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Russia's Youth Speak Out About Ukraine Crisis

The current crisis in Ukraine shows the world how even the closest allies can pull away from each other. Russia and Ukraine were long-term partners, but one should not forget how uneven this partnership was. The Orange Revolution in 2004-05 was the first sign of Ukraine trying to gain independence from its “older brother”. Russia's reaction to the events in Ukraine and all the changes that have followed has kep...

Written by K. Ananyeva and published on 25-May-2015

My Soul Sister From Across the Border

It is rare to meet in one’s lifetime a person with whom you can connect intellectually, emotionally, and spiritually. It is even more difficult when the country to which they belong is an ‘enemy’ of your country! However, I was lucky enough to find my soul sister and would like to share such a phenomenal story with Beyond Violence readers. It was early 2014 and I was a participant in the

Written by Nidhi Shendurnikar-Tere and published on 21-May-2015

New Hope for Mindanao: The Bangsamoro Basic Law

Mindanao, the second largest and southernmost island of the Philippines is one of the most diverse sites of the country. It is rich in natural resources, offers an interesting flora and fauna and is home to 18 different tribes, a unique cultural heritage. However, despite its beauty tourists are advised against visiting Mindanao. Kidnappings or even killings of inter...

Written by M. Gahl and published on 18-May-2015

Secret Palestinian Refugee Camp Quietly Suffering in Syria

Yarmouk camp, a two square-kilometer unofficial Palestinian refugee camp in the suburban area of the Syrian capital Damascus, had been already brought to international attention in 2014, when a photo of hundreds of people queuing up for food in the besieged area was released by the United Nations Relief and Works Agency (UNRWA.) On April 1st 2015,...

Written by Irene C and published on 17-May-2015

Friendships Across Borders

Tensions between Pakistan and India seem to have eased greatly. There hasn’t been any armed conflict since the Kargil War in 1999. Last year the newly elected prime minister of India, Narendra Modi, invited the leader of the country's neighbor Pakistan to his Prime ministerial swearing-i...

Written by Sofie Chen and published on 26-April-2015

The 1947 Partition Did Not and Will Not Break Us Up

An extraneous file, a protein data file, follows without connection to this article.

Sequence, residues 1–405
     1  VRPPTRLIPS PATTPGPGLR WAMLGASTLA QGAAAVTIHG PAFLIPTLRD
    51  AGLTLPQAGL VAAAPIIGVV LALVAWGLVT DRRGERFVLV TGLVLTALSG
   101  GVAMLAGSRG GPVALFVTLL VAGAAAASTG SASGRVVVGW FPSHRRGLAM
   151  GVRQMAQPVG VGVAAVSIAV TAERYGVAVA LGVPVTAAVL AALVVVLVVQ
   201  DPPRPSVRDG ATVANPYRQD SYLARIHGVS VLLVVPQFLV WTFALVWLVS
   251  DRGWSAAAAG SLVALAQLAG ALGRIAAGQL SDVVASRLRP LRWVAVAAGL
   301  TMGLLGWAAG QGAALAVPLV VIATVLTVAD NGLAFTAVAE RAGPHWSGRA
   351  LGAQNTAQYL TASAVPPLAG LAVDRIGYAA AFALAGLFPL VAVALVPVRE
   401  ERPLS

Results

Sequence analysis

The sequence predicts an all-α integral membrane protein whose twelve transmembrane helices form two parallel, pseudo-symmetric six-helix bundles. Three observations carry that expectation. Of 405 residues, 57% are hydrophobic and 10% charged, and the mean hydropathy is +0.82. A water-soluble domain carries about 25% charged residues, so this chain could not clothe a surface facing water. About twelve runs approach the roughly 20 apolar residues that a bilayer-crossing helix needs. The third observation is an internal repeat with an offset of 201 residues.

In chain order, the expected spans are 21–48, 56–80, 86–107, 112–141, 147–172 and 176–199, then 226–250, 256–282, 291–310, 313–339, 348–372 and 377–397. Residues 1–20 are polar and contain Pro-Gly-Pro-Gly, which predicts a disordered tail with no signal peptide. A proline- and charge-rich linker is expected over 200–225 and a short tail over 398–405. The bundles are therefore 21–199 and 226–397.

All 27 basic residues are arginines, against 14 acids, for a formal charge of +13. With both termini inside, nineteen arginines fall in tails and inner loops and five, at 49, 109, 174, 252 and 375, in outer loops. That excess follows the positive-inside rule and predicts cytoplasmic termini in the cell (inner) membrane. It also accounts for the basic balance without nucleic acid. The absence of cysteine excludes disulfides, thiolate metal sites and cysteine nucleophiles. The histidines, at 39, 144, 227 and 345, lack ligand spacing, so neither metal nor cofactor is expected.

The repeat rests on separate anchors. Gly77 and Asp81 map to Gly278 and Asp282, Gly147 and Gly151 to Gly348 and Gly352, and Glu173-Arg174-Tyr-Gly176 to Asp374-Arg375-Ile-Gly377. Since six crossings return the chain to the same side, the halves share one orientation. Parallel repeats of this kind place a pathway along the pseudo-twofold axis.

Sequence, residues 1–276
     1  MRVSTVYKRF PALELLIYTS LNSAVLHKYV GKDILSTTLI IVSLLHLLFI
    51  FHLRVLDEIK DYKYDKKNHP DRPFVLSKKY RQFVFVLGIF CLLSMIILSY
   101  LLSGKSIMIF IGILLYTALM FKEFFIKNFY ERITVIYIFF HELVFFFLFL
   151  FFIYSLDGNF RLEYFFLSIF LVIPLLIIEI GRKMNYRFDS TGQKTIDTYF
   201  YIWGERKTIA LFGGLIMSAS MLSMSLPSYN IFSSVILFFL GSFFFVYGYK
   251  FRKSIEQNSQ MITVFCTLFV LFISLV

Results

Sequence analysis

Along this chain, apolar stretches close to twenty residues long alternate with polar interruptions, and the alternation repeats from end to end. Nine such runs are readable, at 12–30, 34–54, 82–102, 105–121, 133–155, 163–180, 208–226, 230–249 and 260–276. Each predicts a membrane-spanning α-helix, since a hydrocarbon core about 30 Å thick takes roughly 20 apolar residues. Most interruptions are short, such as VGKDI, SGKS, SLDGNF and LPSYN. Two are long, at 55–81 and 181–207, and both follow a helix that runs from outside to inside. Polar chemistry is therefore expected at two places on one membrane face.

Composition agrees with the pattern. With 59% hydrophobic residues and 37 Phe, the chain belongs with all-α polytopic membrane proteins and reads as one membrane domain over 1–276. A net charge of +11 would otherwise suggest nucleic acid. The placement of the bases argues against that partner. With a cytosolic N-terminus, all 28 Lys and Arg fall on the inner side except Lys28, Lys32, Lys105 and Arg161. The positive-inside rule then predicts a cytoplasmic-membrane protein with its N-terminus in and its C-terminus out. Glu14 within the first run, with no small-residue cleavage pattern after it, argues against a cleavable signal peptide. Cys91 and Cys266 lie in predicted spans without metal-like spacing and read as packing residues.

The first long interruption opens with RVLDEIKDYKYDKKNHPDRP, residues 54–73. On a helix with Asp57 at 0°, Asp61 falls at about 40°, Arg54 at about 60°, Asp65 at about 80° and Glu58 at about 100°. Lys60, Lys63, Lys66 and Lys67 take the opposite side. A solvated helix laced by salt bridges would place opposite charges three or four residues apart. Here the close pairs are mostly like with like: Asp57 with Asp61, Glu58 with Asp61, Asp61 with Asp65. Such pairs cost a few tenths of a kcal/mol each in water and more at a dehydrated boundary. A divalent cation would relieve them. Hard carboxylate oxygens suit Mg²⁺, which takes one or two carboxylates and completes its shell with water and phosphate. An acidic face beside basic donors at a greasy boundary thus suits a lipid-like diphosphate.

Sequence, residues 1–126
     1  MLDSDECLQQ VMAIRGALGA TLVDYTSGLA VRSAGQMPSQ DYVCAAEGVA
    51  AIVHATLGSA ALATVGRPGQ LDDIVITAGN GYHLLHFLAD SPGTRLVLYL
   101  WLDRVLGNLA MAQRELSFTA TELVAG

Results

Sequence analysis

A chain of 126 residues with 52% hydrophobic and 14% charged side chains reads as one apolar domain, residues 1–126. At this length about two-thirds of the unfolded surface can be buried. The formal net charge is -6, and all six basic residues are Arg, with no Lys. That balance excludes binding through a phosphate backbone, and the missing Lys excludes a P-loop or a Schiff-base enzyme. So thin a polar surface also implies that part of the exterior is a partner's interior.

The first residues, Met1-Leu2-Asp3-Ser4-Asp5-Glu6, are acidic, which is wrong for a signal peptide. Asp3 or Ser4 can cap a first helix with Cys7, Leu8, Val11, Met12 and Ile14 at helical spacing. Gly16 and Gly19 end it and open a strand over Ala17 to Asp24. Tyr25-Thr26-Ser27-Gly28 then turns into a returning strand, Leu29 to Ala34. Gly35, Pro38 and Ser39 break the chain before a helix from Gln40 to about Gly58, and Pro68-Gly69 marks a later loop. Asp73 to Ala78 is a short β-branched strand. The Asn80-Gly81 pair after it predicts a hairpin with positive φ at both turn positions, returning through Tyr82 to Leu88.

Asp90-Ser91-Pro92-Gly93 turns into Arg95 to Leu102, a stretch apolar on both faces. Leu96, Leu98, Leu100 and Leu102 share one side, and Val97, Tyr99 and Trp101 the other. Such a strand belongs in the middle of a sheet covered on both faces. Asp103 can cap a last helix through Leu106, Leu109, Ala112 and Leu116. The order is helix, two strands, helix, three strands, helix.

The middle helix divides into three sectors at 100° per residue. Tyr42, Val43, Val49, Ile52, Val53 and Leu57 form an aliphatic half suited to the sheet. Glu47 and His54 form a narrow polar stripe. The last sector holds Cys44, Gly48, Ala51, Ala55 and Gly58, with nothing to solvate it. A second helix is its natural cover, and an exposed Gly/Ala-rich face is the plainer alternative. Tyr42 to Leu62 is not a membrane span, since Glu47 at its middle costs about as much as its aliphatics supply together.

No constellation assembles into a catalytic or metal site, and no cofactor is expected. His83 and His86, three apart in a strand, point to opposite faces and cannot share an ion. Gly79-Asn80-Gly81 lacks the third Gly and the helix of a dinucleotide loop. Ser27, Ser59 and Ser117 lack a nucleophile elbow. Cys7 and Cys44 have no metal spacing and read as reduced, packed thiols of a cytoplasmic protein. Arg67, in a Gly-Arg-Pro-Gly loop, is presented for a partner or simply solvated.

After 1947 , life became drastically different for people who migrated from India to Pakistan and vice versa. Three generations have passed since we were separated by political forces, but our hearts beat together no matter what side of the border we come from. We all are from the same land which has been parted because of political reasons. After six decades, Pakistanis and Indians still feel connected for...

Written by Fatima Jaffery and published on 23-April-2015

Making Media, Building Peace

Twenty four students and the idea of peace! In a world dominated by narratives of hate and violence, what happens when young minds are encouraged to engage with the idea and practice of peace? Peace, not as an illusory ideal to be achieved, but peace with oneself and those around us! Peace which is not as lofty as the goal of world peace! This and something more exciting happened at The Faculty of Journalism and Communication at the

Written by Nidhi Shendurnikar-Tere and published on 15-April-2015

Peace or Profit: How Business Exacerbates and Restrains Violence in Colombia

Even though we generally think of armed conflict as the territory of governments, armies, rebel groups and the UN, all too often private companies find themselves in the heat of the battle as well. Operating in countries rich in natural resources and where labor costs are generally much lower than where they are headquartered, businesses are repeatedly drawn to places where they cannot escape the conflict dynamics. And it is exactly those dynamics that pose a pressing moral dilemma. Business...

Written by Annewil Hooijer and published on 27-March-2015

“I am an activist and I did not do any wrong”: The case of human rights defender Zara Alvarez

“Around 30 fully armed men surrounded me and pointed their gun at me. Cases of human rights violations where we documented extrajudicial killings or enforced disappearances came to my mind. I thought, maybe this is the moment, this time it´s me.” On October 30, 2012, Filipino Human Rights Activist Zara Alvarez was arrested by a special action force of the military in her home town of Cadiz, Negros Island. “At the police station I learned that I was arrested for the murder of a first...

Written by Muriel Gahl and published on 27-March-2015

South Sudan: Dreams Deferred

On 9th July, 2011, under the glare of the sub-Saharan sun, the world warmly welcomed The Republic of South Sudan into its fold. The flag went up before tens of thousands of elated citizens and dignitaries; and there was cheering, drumming and ululation for the world’s youngest nation. After more than 50 years of conflict and underdevelopment, the secession of South Sudan from Sudan was seen as an opportunity for the people to build a brighter and better future. Even amidst calls to resolve...

Written by N. Wayua and published on 27-March-2015

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